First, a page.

We live in a world where we reward big accomplishments – the Toronto Raptors winning their first NBA championship and the city of Toronto going insane (yes, I went bonkers), or fist bumping the salesperson who landed the big 7-figure deal or celebrating your child’s honour roll achievement. Whatever it is, we like to reward big things. Let me be clear when I say that I am not minimizing the awesomeness that comes with celebrating big accomplishments. We should celebrate them, because…. well… they’re accomplishments. But, the small things really do matter and they often have a big impact.
I am going to bet that anyone reading this blog post has been a job candidate at one point or another during their career. If you have then you have probably experienced a plethora of emotions going through the job search process from feeling rejected and frustrated by the “black hole effect” to receiving a job offer that you really wanted. Further, many of your emotions have resulted directly by how you were treated by prospective employers, from the time you expressed interest all the way to offer. You likely had several touchpoints — interaction with the career site, conversation with the Recruiter, tour of the office, sitting down in the lounge with a cup of coffee, speaking with potential colleagues, participating in a group video call, and the list goes on. Every single touchpoint makes up the total candidate experience, and each one matters, no matter how small, or big.
Personally, I have never been attracted and lured by big and bold when it comes to the candidate experience. I don’t need to be pampered and showered with “candidate love”. What really impresses me is the small stuff — being respected for the time that I commit to the process, timely communication (i.e. staying in-the-know on process), level of preparedness of people I speak with (e.g. did you actually read my resume or look at my LinkedIn profile, or are you winging it?) and demonstration that you care. I don’t ask for a lot but I certainly do place a high value on the “human experience”.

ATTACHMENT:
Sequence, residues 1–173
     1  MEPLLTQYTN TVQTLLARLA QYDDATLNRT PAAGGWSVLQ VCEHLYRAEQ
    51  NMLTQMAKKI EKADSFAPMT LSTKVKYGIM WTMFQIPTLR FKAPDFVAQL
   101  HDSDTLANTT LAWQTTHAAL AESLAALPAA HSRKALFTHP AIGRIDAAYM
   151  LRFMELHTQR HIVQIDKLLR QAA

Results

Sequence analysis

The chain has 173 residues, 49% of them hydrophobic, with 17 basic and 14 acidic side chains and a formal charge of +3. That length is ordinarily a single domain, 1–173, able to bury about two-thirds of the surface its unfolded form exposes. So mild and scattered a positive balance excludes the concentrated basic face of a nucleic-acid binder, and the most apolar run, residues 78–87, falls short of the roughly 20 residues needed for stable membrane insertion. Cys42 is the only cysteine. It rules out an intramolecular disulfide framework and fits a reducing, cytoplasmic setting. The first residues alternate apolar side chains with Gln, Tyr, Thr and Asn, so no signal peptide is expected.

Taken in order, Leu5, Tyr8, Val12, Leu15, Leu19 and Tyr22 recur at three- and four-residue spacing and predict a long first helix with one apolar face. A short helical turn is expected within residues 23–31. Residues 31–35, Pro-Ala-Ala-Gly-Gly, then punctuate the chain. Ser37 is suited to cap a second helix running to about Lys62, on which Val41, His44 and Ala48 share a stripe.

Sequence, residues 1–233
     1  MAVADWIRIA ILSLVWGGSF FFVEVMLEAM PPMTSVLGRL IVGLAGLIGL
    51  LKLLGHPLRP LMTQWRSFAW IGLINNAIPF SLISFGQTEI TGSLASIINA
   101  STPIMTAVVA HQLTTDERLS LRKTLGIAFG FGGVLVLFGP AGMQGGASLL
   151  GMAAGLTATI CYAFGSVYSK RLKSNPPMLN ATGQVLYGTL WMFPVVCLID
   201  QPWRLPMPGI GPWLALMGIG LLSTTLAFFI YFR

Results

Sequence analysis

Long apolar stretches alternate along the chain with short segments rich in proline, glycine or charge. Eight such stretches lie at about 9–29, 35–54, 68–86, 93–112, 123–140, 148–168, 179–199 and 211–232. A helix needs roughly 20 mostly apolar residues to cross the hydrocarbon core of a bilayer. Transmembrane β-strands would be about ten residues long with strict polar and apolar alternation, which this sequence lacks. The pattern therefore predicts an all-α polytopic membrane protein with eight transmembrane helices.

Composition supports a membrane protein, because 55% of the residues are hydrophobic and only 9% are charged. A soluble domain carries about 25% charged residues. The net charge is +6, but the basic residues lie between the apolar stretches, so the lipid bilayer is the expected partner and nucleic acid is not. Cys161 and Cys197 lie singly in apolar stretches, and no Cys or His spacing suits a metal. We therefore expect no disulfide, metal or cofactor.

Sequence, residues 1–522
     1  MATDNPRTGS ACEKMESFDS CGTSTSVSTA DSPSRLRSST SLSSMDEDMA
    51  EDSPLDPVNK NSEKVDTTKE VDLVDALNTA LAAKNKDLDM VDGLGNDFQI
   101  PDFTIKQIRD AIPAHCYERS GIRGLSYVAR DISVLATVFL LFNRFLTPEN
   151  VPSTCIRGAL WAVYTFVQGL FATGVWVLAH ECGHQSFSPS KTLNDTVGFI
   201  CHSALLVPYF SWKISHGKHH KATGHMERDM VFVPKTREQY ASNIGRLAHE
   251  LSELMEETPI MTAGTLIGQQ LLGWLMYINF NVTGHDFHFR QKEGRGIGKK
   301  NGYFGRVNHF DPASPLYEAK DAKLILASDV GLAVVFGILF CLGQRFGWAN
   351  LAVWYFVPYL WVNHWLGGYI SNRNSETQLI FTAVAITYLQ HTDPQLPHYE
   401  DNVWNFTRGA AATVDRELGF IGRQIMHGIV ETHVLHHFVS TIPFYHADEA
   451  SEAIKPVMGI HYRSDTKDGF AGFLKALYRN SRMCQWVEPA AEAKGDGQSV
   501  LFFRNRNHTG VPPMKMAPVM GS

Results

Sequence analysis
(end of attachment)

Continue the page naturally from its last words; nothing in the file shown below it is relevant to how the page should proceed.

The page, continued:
One of the things that I value when working for an organization is having a personal connection to the organizations’ product/service. I need to like and appreciate it, even be a customer myself, or align with the mission and vision of the organization. During the recruitment process, I like to touch and feel what the company does and stands for. For example, if you’re a company that builds a B2C mobile app then I want to immerse myself in the product experience. Show it to me. Give me the demo and allow me to gain an initial perspective of how great it is. If you’re an animation company then show me a sample clip of some of the amazing work your firm has created. If you are an architecture company, take me on a journey of a project your firm completed and explain why it’s a special project. Whatever it is, the small stuff matters.
While I love technology (anyone who knows me well can attest to this) I also know and appreciate that technology can never, and will never, fully replace the human touch. Technology can’t shake your hand and ask if you would like a cup of coffee before your interview. Technology can’t introduce you to a select group of employees from different departments and engage in a light-hearted dialogue about the work they do. You get my point. The small stuff matters.
The small stuff matters and makes a HUGE impression on me when it comes to my own experience as a job candidate. When an organization makes it a priority to do the small things well it shows they care about me. Regardless of whether or not I get the job, the fact that I had a positive experience will stay with me. I may even end up being a customer if I’m not one already. The small stuff matters, and it matters a lot.